Are the Washington Nationals the Texas Longhorns, because they are back! Well, maybe. Actually, probably not, but still, they’ve managed to win five of their last six games following a two-game sweep of the Atlanta Braves in their first series of the season.
If the Nats are somehow going to climb back into this thing, then they need to consistently put forward more performances like this. They mostly dominated the Braves by scoring early and often in the series while getting outstanding pitching for the most part.
Here are the main takeaways from the Nationals’ first sweep of the season...
Starting pitching the bread and butter
The Nationals’ rotation has arguably been one of the best in baseball so far in 2019, even despite some sub-standard performances from the back end. But in this series against the Braves, Stephen Strasburg and Aníbal Sánchez stole the show.
On Tuesday, Strasburg delivered the latest gem in what could be an All-Star season for the right-hander. He allowed just two runs on five hits and two walks, striking out 11 in seven brilliant innings. Thankfully, the bullpen didn’t blow this one.
Then in the second and final game, Sánchez returned from the Injured List with his best start of the season. The offseason free agent signing started off retiring the first 16 batters he faced, finishing with six shutout innings, surrendering just one hit.
Following the series, the Nationals’ starters now lead the majors in fWAR, are second in FIP and fifth in ERA. This part of the equation seems to be going to plan, so if the Nats’ offense can keep chugging and the bullpen can at least be average, a winning formula is there.
Romping away in the finale
One of the trademarks of some of the successful Nats sides in recent years had been their ability to absolutely demolish teams with lopsided scorelines. This iteration of the team hadn’t really managed it so far in 2019. Then Wednesday happened.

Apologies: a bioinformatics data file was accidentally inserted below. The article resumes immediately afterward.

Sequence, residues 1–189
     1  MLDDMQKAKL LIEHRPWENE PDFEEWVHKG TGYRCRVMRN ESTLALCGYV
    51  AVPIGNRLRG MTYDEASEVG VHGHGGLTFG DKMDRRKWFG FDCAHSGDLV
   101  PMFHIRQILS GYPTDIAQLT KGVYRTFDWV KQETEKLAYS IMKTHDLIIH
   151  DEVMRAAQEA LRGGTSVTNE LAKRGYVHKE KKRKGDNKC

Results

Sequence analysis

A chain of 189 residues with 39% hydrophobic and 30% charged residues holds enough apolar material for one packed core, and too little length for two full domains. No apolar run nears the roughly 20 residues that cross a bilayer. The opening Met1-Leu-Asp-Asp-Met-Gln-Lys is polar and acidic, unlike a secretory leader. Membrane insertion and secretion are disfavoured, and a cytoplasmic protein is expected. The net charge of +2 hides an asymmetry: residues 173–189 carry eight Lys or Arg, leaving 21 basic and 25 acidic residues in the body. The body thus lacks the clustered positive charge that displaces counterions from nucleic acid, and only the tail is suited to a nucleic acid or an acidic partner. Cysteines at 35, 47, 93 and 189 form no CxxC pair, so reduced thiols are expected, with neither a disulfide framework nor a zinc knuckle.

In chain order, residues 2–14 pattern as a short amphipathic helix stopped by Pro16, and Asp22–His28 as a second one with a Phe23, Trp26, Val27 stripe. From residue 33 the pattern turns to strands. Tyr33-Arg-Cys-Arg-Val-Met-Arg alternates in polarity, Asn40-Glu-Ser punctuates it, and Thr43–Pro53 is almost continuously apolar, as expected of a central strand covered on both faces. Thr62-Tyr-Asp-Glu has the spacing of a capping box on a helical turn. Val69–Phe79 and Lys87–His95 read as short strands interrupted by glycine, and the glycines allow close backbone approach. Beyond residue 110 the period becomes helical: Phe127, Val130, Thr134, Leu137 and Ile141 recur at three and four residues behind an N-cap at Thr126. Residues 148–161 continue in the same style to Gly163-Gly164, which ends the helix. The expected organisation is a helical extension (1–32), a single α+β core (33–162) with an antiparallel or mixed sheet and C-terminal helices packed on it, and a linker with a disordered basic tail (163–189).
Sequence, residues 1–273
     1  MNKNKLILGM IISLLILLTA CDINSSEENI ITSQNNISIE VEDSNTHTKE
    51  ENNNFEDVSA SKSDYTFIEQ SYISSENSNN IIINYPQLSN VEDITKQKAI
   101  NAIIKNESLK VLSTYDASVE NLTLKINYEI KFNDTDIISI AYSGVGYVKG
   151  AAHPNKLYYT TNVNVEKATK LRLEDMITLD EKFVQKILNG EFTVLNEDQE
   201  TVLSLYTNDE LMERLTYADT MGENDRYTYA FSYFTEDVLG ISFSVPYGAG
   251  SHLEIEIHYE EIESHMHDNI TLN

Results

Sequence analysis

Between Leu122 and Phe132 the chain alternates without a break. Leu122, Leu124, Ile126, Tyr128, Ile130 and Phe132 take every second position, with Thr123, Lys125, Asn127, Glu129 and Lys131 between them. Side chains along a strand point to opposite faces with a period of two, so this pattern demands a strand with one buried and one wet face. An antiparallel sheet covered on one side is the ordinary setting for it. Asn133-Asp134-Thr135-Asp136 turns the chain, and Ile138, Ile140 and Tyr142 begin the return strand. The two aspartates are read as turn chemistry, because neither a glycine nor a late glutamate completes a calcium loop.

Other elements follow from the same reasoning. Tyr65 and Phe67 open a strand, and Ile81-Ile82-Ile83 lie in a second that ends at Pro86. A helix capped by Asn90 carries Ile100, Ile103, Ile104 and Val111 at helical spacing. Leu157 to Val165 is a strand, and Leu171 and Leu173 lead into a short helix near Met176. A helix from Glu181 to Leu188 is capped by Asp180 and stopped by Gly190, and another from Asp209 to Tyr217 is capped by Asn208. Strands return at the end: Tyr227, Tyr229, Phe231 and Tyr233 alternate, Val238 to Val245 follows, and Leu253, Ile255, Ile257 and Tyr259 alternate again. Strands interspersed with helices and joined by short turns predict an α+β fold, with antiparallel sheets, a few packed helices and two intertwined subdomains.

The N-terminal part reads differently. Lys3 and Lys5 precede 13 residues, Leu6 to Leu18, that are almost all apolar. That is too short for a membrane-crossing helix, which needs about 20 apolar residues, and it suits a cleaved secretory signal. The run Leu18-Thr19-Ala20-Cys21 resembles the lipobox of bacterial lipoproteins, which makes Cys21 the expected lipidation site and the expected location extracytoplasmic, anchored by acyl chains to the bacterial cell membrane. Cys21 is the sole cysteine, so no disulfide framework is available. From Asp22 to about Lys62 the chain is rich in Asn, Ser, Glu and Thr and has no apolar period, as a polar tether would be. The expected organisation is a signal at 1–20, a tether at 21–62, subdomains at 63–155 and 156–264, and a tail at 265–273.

Thanks in part to the great start by Sánchez, the Nationals were able to sprint into a 14-0 lead by the fifth inning. Every starting position player had a hit by the fourth inning as the Nats racked up 15 in total, allowing them to cruise to victory.
It’s just the latest showcase of what has seemingly been the start of a turnaround for the Nats’ lineup. In their last seven games, they’ve managed to average 7.3 runs per game, posting an OPS of .933 and wRC+ of 143, both fourth best in the majors in that span.
Part of this has come from the team’s return to health. Trea Turner seems to be coming around after an initial lull on his return, Juan Soto is hitting out of his mind right now, and Howie Kendrick continues to shock the baseball world with his bat.
Their next series in Cincinnati will be an interesting test against a pitching staff that is third in the league in fWAR and second in ERA. If the bats can keep up their recent hot streak in the three-game set, it really will bode well for a possible miracle rise up the standings.
Doolittle’s mechanical tweak pays off
One of the more interesting stories to watch entering the series in Georgia was Nationals closer Sean Doolittle making a slight tweak in his delivery. Based on the results of his appearance in the series, it seems to have worked a treat.